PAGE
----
The inverting buck-boost topology is great because it's very simple (component wise) and can put out whatever negative voltage you want. I never could find a controller that can accomodate the current output I was looking for (several amps). It's already hard to design the feedback compensation that many controllers require let alone come up with my own PWM control scheme. I finally gave up on the idea.

    If you come across a controller that can do an inverting buck-boost with higher output, I'd definitely like to see it.
     
  4. TheLaw

    Thread Starter Member

    Sep 2, 2010
    228
    2
    Oi! Sorry there. Yes I will be using a CT transformer. Center tap would be shared ground and a + and a - coming from the diode bridge.
     
  5. crutschow

    Expert

    Mar 14, 2008
    13,009
    3,233
    OK. This is a nit, but technically that's not a full-wave bridge configuration, but two full wave rectifier (dual diode) configurations with both of the dual diodes in the one (bridge) package.

    Have you checked, for example, National Semiconductor, Linear Technology, and Texas Instruments for a suitable negative switching regulator?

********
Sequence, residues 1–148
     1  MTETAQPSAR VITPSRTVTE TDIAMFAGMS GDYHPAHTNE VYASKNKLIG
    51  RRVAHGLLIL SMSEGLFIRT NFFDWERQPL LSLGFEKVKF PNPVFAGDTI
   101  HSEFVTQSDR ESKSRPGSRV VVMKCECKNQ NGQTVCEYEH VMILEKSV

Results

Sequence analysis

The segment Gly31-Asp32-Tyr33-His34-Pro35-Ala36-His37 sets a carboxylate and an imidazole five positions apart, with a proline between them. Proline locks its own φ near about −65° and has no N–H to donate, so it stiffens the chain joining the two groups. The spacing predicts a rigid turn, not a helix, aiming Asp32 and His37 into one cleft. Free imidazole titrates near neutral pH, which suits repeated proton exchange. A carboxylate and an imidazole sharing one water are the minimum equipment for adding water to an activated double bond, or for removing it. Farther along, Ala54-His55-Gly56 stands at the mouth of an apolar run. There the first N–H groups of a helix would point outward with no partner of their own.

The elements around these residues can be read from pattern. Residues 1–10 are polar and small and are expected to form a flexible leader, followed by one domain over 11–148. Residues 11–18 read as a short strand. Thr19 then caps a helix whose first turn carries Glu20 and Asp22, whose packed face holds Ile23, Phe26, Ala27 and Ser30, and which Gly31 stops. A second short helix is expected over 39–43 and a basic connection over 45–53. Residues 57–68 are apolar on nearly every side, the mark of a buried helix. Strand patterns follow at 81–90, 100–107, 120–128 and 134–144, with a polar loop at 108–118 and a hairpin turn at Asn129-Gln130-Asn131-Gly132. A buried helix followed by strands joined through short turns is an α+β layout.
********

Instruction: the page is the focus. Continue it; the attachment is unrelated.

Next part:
6. TheLaw

    Thread Starter Member

    Sep 2, 2010
    228
    2
    I'm aware it's not full wave bridge. I wrote the original thread in a hurry...so it might be a bit blurred.

    Yes I did. There are some that might fit the bill in one department, but can't do other things, like a wide range of voltage selection.

    Grr....Am I leaning towards linear again? Hello abysmal efficiency!
     
  7. SgtWookie

    Expert

    Jul 17, 2007
    22,182
    1,728
    I put together a couple of simulations using LTSpice for +1.2v to +30v and -1.2v to -30v switching supplies, 2.5A that were really quite efficient; ~80% worst case. They both operate from a single +34v supply.

    Have a look at the attached.
    The left image is the positive supply, the right is the negative. The positive buck regulator is showing ~11mV p-p max ripple with a 2A load.
     
  8. TheLaw

    Thread Starter Member

    Sep 2, 2010
    228
    2
    Hi thanks.

    Can a lower input voltage/current be used? Like perhaps 15V @ 3A or something?
     
  9. SgtWookie

    Expert

    Jul 17, 2007
    22,182
    1,728
    Sure, but the output voltage of the positive buck won't go above around 13.3v under load. Change the pot from 20k to 10k if you're going to run it under lower voltage.